Jig fishing is very much in demand with anglers because of their productivity and versatility.
Unlike other artificial lures, jigs work with different types of fish and under varying conditions.
These jigs, with the exception of the floating type, are weighted via melting of a metal element in a liquid and placed in a mold that mimics the collar and head.
The majority of these heads are constructed from lead, which is responsible for the weight.
Construction and Design
Aside from lead, many of these jigs use tungsten, so it’s eco-friendly.
While the construction process may be basic, they’re available in a wide range of designs, styles, weights, colors and shapes.
The smallest you’ll find is around 1/100th oz for ice fishing and around 2 oz. for muskies and stripers.
If you’re into inland freshwater fishing, go with the most common weight sizes like 1/64, 1/32, 1/16, 1/8, 1/4, 3/8, 1/2, and ¾ oz.
The most widely used hooks are the light wire Aberdeen and the strong wire O’Shaughnessy.
A typical jig hook has a 60 or 90 degree bent at the shank before the eye, and it’s this bent that tells you what the eye placement will be on the jig and how it’s going to go through the water.
The length of the hook shank varies depending on the application. Long shank hooks are suitable for lizard bodies, worms, and soft plastic grubs. The shorter ones on the other hand, are ideal for live minnows.
Light wire hooks are frequently used in cribs and brush piles as they pull free and bend after being snagged. These are also ideal for crappies and panfish as they have soft mouths that the wire can penetrate rapidly.
The stronger wires are appropriate in rocky and weedy locations, so they’re often used for northern pike and bass.
Jig hook colors are usually gold, bronze or black, although red is becoming more popular.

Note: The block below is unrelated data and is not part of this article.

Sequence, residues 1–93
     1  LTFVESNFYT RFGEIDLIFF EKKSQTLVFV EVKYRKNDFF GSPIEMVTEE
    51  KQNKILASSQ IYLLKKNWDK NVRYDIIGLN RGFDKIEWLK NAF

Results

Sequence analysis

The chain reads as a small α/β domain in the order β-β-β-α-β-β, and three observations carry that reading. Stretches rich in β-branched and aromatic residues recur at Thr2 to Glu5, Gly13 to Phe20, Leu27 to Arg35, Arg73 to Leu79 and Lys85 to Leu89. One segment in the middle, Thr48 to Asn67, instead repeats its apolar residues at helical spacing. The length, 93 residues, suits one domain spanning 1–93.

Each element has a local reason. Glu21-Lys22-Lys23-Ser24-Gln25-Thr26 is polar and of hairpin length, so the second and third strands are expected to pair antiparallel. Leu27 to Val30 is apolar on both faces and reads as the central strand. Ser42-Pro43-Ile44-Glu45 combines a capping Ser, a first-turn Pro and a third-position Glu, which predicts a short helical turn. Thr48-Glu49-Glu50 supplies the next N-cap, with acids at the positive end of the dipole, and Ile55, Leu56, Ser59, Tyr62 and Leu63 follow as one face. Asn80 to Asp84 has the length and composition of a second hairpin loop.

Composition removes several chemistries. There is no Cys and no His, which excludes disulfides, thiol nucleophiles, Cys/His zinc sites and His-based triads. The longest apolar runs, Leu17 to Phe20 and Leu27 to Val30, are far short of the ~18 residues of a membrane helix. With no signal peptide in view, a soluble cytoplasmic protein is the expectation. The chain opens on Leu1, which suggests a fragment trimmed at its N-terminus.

The Jig Collar
A jig collar is set at the back of the jig head, with barbed collars having a hook that attaches soft baits, keeping them from sliding down the hook.
Other types of jig collars have wire holders or screw locks used for holding plastic baits.
Straight collars on the other hand, are frequently used to fasten dressings or attach on silicone skirts, living rubber, tinsel, feathers or hair.
What Jig Colors Should I Use?
When deciding what colors to use, you have to account for the type of water you’re going to fish in (stained, dark, clear) as well as the fishing conditions.
Today’s jig heads are available in glow finishes, two tone, metallic, fluorescent and natural hues.
If you’re just starting out, go with basic colors:
- For stained water: red, pink, yellow, white, brown, black
- Dark water: orange, green, fluorescent chartreuse
- Any type of color will do for clear waters
These are just general guidelines, and you should feel free to experiment with different colors until you find one that suits you.
Jig Weight Considerations
The weight should be your primary consideration when it comes to choosing a jig, and your decision needs to be based on the water depth and the fish type.
Basically, your jig needs to be heavy enough to go down the depths you require, but not so heavy that it sinks too quickly.
As it is, fish like to see bait that goes down slowly instead of one that just goes down straight.
The general rule is 1/8 oz. per 10 ft. of water, but if the currents are fast you’ll need to add extra weight to get to the bottom.
You should also add weight if there’s a strong wind, as that makes it harder for the lure to go to the bottom.
Here’s a general guide:
- Panfish and Crappies 1/32 – 1/16 – 1/8 oz.
- River Trout and Salmon 1/16- 1/8 – 1/4 oz.
- Walleyes and Bass 1/16 – 1/8 – 3/8 – 1/2 oz.
- Northern Pike and Muskies 3/4 – 1 – 1 1/2 oz.
- Lake Trout and Stripers 3/4 – 1 – 1 1/2 – 2 oz.
When you go jig fishing, you’ll also notice that many are dressed with rubber skirts, silicone, soft plastic, tinsel and so on. These can make the baits look more enticing to the fish so you should definitely try them out.